Kurt Russel rules. Anyone who says otherwise is dead to me. The fact that he was cast as Ego the Living Planet was awesome if you ask me. Sure he’s just an avatar of the actual planet, but that better than a giant talking planet with lips and eyes, right? Right??? Plus how could a planet with lips and eyes bed Quill’s mom? Anyway, Russell just nails the role of an egotistical Celestial hellbent of destroying the universe. But yet once again the MCU just wastes great talent and villains in a one and done situation. I really do hope they course correct Phase 5 with that and in a few other ways.

K. Alvarez

13. Yondu Udonta (Michael Rooker)

“I’m Mary Poppins, y’all!” is probably the best moment in Guardians of the Galaxy 2 and it led to Yondu becoming one of the more beloved characters in the MCU (well, the whole movie really helped with that – particularly his conversation with Rocket while they’re both imprisoned). That’s no mean feat, considering he’s a Christmas-hating, child-trafficking mercenary that was even disowned by the other Ravager clans. After the first Guardians of the Galaxy movie you could be forgiven for disliking Yondu a lot, even with the minor emotional stinger of the Troll doll replacement. Guardians of the Galaxy 2 (and Michael Rooker’s performace) turned the character into one of the more complicated, interesting and ultimately endearing characters in the franchise. It’s too bad Gunn’s so dead-set on Yondu staying, well, dead, because I’d have loved to see the character evolve even more. Maybe it’s for the best, though – Yondu’s sacrifice was the one of the most meaningful in the whole series.

Bob Cram

12. Kevin Thompson / Kilgrave (David Tennant)

Kilgrave’s superpower isn’t the flashiest, or most aesthetically pleasing. No flying, web-slinging, or superhuman strength here. He can simply control people’s minds at will. Something about the simplicity of this makes it all the more chilling. Played to perfection by David Tennant in the Netflix adaption, he is the main antagonist of Jessica Jones. Alone, he is reason enough to watch the entire series. He has a long history with Jones, but his manipulative behavior goes beyond obsession and takes him into a whole new category of depraved sociopathy. And it’s completely intoxicating to watch. Some of the deeds he makes people carry out against their will are hard to stomach. But try as you might, you can’t look away.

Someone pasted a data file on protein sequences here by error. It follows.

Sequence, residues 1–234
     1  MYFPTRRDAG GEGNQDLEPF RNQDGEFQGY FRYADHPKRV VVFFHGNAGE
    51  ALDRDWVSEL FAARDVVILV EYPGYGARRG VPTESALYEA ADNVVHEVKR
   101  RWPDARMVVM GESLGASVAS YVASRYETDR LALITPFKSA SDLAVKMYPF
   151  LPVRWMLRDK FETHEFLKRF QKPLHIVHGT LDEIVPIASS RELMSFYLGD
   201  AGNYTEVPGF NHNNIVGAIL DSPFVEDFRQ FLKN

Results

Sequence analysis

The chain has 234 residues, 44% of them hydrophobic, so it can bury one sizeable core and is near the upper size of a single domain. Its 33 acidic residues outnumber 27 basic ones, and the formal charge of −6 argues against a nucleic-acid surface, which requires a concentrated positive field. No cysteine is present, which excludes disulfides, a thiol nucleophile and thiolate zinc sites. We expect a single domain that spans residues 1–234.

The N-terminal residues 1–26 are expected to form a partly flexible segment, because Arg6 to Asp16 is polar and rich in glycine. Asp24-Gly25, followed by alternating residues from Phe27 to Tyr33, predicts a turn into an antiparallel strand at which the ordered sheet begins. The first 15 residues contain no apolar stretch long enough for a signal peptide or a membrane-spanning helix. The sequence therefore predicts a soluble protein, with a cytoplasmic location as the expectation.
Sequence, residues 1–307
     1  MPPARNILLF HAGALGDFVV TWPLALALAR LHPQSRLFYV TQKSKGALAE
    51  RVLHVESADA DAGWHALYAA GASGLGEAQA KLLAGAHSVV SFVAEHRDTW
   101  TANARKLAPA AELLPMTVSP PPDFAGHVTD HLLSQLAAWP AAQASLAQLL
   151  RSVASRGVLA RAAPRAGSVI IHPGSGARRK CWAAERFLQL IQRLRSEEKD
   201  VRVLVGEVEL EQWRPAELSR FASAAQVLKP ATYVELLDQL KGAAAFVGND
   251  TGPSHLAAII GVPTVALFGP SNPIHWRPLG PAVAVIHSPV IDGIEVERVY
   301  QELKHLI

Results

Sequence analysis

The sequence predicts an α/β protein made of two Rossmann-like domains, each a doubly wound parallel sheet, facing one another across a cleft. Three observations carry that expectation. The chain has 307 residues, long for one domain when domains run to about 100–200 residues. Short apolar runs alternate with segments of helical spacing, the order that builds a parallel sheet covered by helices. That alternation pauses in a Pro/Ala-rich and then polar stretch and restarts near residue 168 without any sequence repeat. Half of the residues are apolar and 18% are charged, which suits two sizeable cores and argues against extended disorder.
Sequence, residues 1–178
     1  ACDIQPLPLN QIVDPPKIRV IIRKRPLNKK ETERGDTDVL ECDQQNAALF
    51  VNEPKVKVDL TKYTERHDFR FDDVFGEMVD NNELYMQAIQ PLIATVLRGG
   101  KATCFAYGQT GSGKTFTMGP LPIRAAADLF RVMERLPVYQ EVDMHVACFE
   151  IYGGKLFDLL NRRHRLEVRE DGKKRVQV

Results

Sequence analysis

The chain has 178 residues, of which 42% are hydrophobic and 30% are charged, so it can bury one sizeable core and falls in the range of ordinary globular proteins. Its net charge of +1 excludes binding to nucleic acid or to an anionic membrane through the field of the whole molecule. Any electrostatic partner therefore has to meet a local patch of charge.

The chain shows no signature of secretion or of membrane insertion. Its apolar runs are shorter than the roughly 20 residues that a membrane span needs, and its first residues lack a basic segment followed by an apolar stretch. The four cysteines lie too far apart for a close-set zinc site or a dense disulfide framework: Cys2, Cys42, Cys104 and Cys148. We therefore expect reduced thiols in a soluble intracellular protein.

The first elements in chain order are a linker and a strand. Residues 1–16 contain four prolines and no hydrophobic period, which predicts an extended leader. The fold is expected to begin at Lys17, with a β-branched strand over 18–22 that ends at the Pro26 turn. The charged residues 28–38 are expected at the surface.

Lee McCutcheon

11. Dr. Robert Bruce Banner / Hulk (Edward Norton & Mark Ruffalo)

I think it’s Infinity War/Endgame Hulk that keeps him from the top 10. I mean, I get it – you gotta evolve the character, and merging the Banner and Hulk sides is a logical progression, but man – at least gives us a few scenes on how it happened. Throw in Doc Samson as his therapist in a scene or two Or, like, maybe a stand-alone film? I know they don’t have a great track record. I liked Ed Norton as Bruce Banner, but I was underwhelmed by The Incredible Hulk‘s CGI for the big green galoot (even more so than the CGI for the Ang Lee Hulk). Where am I going with this? I guess I don’t know, other than that I’m a huge Hulk fan – his comic was one of two I managed to scrape together enough pennies to get a subscription to when I was a kid (no comic shops in rural Maine) – and I just want the character to be as cool and interesting and fun as he was in those first two Avengers movies. And that one Thor movie. Science Bros! “I’m always angry.” “Hulk Smash!” “Puny god.” Okay, those are all from the first Avengers movie, but you know what I’m saying.

Anyway, I love Ruffalo as Banner, I loved the whole setup in the Avengers and the whole “barbarian gladiator” in Thor: Ragnarok, but the “shy Hulk” and combined “smart Hulk” haven’t wowed me as much, even though there was some fun to be had with the latter in She Hulk. What I want to see is the bad-ass, danger to the whole planet and himself Hulk as played by this actor. I want to see World War Hulk, with the Avengers arrayed against their one-time ally. He’s a character that started off his appearance in the MCU as great and has become merely good. Here’s hoping they reverse that trend.

Bob Cram

30-21 | 10-1

Only 10 more to go! Who do you think is in the top 10?